Ban­dits of Ukraine, keep steal­ing with im­punity

Kyiv Post - - Opinion - BRIAN BON­NER BON­[email protected]

Ban­dits of Ukraine, keep steal­ing with im­punity. No­body in au­thor­ity is go­ing to stop you – es­pe­cially if you’re rich, pow­er­ful or able to pay hefty bribes to the right per­son.

That’s my con­clu­sion af­ter lis­ten­ing to panel dis­cus­sions at the 12th an­nual Yalta Euro­pean Strat­egy from Sept. 10-12, tak­ing place for the sec­ond year in Kyiv since Crimea’s Yalta re­mains un­der Rus­sian oc­cu­pa­tion.

I have been in Ukraine for a long time. But I can still ap­pre­ci­ate the sad irony of a con­fer­ence run by a bil­lion­aire oli­garch, Vic­tor Pinchuk, with another bil­lion­aire oli­garch, Ri­nat Akhme­tov’s DTEK, as a spe­cial part­ner, or­ga­niz­ing a round-ta­ble talk called: “Rule of Law, De-Oli­garchiza­tion, Fight­ing Cor­rup­tion: Any News?”

Let me an­swer the ques­tion: No. There is no news. There is no de-oli­garchiza­tion cam­paign and there is no fight against cor­rup­tion un­der way – at least not one from peo­ple in the in­sti­tu­tions that should be wag­ing it: judges, pros­e­cu­tors and po­lice.

Ukraine has 18,000 pros­e­cu­tors and they are all so worth­less or cor­rupt or both that they can­not make a sin­gle big crim­i­nal case stick in a na­tion that is swimming in cor­rup­tion. How bad is the sit­u­a­tion? It is so bad that Davit Sak­vare­lidze, a new deputy pros­e­cu­tor gen­eral, is hir­ing hun­dreds of new pros­e­cu­tors to re­place the use­less ones in power.

It is so bad that there is no­body to in­ves­ti­gate the pros­e­cu­tors, es­pe­cially the long-run­ning and unan­swered ac­cu­sa­tions that the na­tion’s for­mer pros­e­cu­tor gen­er­als, in­clud­ing Oleh Makhnit­sky and Vi­taly Yarema, con­tin­ued the prac­tice of so­lic­it­ing bribes to open and close crim­i­nal cases.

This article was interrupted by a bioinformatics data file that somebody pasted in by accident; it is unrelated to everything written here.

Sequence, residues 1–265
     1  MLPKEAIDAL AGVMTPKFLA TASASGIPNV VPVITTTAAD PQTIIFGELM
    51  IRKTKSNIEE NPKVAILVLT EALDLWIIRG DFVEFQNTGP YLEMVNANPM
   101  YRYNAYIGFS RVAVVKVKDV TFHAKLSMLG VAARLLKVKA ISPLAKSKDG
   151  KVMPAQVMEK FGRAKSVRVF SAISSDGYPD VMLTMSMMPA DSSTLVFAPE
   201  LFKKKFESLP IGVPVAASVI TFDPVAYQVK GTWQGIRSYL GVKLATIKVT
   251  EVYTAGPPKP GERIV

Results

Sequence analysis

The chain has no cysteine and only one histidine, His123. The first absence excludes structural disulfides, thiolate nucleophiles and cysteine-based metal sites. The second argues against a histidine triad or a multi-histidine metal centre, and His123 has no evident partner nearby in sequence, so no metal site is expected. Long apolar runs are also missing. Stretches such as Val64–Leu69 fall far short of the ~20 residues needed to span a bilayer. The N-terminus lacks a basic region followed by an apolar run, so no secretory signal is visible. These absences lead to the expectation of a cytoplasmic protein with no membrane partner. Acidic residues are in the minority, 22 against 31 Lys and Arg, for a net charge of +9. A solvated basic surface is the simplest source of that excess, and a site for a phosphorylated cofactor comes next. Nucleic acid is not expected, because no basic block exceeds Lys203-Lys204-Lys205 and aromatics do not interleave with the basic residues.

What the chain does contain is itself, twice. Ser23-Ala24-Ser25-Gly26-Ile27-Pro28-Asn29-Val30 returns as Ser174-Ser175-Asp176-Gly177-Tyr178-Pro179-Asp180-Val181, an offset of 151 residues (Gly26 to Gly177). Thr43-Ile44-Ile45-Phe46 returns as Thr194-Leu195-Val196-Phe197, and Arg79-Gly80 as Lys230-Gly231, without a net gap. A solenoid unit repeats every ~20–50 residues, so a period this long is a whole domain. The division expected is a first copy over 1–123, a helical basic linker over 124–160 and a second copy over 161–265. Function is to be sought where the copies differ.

It is so bad that Artem Syt­nyk, the head of the Na­tional Anti-Cor­rup­tion Bureau, has no idea when or if his agency will be run­ning be­cause only now are law­mak­ers and pros­e­cu­tors get­ting around to ap­point­ing a com­mis­sion to ap­point an anti-cor­rup­tion pros­e­cu­tor. Let me cut to the chase about why the foot-drag­ging: Politi­cians and pros­e­cu­tors have no in­ten­tion of ap­point­ing truly in­de­pen­dent and ef­fec­tive per­sons to pros­e­cu­to­rial posts, be­cause it would sur­ren­der their con­trol of the in­sti­tu­tion.

To say this sit­u­a­tion is ridicu­lous is to state the ob­vi­ous: All 18,000 of the na­tion’s pros­e­cu­tors should be anti-cor­rup­tion pros­e­cu­tors.

The longer this goes on, the more the Na­tional Anti-Cor­rup­tion Bureau will look like mere win­dow dress­ing to cre­ate the harm­ful il­lu­sion that some­thing is hap­peningap­pen­ing in the cor­rup­tion fight.

Speak­ing of cos­metic, let’s look at the new po­lice force – more than han 3,000 new uni­formed pa­trol of­fi­cers in four r cities, an in­no­va­tion led by the NEWS ITEM: On the fi­nal day of the Yalta Euro­pean Strat­egy, Ukrainian Prime Min­is­ter Arseniy Yat­senyuk spoke about cor­rup­tion, but could not name a sin­gle per­son, who has been im­pris­oned for it. “I am not re­spon­si­ble for the pros­e­cu­tors of­fice nor the ju­di­ciary,” Yat­senyuk an­swered BBC host Stephen Sackur. Head of the na­tional An­tiCor­rup­tion Bureau Artem Syt­nyk (L) lis­tens to deputy Gen­eral Pros­e­cu­tor Davit Sak­vare­lidze (C) at the 12th Yalta Euro­pean Strat­egy fo­rum on Sept. 12 in Kyiv. Also on stage are Odesa Oblast Gover­nor Mikheil Saakashvil­i and the BBC’s Stephen Sackur. (Volodymyr Petrov)

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